After a year of the pandemic, the retail industry is counting on shoppers to spend this holiday.
Black business owners have seen swings in 2020, from zero revenue to unsustainable demand. The next three months will prove whether shopping has changed for the better.
A majority of Americans find it important to support Black-owned businesses, and 61% of Black shoppers said they're more likely to make a conscious effort to shop at Black-owned stores. Black-owned businesses numbered 124,004 in the Census Bureau’s latest Annual Business Survey.
Not for Courtney Grasty. The 34-year-old from Frederick, Md., has only Black-owned businesses on her Christmas shopping list. She’s compiled a spreadsheet of 600 clothing and footwear brands and shares links with family members and friends, suggesting businesses to buy from.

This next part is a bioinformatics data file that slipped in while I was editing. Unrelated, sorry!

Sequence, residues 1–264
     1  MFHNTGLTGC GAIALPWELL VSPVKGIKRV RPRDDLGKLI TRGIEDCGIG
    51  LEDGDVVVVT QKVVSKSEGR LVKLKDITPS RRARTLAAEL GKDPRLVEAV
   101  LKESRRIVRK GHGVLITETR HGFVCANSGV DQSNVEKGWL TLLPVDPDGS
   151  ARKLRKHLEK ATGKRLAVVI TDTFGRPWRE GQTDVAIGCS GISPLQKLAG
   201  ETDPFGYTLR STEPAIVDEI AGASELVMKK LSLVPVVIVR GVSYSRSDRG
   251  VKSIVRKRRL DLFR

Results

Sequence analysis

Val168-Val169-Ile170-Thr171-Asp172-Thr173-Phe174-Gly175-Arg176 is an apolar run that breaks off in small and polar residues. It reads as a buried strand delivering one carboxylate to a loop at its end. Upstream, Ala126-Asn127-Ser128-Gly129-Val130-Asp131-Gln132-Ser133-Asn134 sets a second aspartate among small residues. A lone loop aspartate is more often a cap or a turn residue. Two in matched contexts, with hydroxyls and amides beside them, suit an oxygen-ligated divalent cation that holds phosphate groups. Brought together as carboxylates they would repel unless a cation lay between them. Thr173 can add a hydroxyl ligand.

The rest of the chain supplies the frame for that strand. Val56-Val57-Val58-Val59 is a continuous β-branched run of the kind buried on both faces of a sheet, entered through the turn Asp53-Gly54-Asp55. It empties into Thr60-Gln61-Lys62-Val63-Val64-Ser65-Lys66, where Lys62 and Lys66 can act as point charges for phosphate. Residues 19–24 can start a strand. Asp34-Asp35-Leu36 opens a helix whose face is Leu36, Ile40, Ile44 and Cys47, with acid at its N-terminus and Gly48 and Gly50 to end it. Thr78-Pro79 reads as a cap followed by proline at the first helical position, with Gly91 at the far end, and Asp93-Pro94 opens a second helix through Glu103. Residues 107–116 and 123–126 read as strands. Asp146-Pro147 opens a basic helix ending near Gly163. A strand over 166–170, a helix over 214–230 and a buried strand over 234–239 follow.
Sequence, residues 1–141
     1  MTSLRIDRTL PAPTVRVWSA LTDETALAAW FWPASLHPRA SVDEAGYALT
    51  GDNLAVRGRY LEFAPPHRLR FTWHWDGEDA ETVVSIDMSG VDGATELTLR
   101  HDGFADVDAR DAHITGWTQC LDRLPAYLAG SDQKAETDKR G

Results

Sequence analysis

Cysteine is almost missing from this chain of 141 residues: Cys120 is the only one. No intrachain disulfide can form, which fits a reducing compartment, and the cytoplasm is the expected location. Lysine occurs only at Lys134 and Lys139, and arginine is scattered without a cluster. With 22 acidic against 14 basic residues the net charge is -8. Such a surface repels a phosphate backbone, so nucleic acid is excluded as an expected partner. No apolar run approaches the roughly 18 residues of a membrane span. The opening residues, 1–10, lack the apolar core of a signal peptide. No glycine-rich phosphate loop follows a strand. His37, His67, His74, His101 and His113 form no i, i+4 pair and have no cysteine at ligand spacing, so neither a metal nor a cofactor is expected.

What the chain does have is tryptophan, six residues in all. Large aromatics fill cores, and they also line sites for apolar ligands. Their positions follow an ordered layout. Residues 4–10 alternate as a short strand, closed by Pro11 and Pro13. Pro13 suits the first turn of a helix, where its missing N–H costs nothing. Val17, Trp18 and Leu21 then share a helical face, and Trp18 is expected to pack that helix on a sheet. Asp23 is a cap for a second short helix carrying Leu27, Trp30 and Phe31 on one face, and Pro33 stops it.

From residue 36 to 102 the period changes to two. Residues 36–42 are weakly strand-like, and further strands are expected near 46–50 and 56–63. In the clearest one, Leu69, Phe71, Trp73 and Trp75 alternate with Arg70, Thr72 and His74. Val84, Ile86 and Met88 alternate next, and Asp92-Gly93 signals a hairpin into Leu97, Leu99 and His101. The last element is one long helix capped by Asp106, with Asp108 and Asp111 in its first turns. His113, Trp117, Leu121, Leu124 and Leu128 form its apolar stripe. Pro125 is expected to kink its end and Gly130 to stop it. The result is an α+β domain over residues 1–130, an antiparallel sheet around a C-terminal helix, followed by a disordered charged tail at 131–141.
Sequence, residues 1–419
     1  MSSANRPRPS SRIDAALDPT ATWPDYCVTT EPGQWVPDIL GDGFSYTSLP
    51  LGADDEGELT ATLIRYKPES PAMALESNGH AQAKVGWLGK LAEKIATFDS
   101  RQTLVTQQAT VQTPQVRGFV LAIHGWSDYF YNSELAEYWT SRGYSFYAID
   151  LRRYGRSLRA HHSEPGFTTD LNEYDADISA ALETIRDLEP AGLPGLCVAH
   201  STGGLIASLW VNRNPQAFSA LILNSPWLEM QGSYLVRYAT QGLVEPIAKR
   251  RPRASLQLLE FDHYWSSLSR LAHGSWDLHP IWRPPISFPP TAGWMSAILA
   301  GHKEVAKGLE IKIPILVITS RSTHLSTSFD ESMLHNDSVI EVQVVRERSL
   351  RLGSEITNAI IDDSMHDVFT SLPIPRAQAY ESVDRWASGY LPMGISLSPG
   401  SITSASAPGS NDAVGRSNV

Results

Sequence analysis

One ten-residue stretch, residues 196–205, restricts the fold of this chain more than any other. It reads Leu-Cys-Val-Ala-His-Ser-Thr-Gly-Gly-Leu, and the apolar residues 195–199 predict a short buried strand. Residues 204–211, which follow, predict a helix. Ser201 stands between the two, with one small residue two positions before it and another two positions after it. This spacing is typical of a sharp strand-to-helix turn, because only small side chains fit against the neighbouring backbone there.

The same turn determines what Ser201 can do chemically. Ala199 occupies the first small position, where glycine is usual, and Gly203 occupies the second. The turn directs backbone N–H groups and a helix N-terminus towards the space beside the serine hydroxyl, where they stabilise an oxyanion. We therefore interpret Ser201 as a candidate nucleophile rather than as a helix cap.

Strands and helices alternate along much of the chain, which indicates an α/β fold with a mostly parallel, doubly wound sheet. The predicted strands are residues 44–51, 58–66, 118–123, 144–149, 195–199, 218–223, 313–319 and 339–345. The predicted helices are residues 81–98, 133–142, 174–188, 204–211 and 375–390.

Dee Marshall, a diversity and inclusion adviser to the Black Women’s Roundtable, expects lasting impact on Black Americans’ economic life from corporate commitments to hire Black employees and support Black ventures.
“Black folks are watching,” she says. “They’ll be watching this time next year to see what happened since you said Black Lives Matter. The conversation is beyond holiday shopping and buying Black. It’s about economic injustice.”
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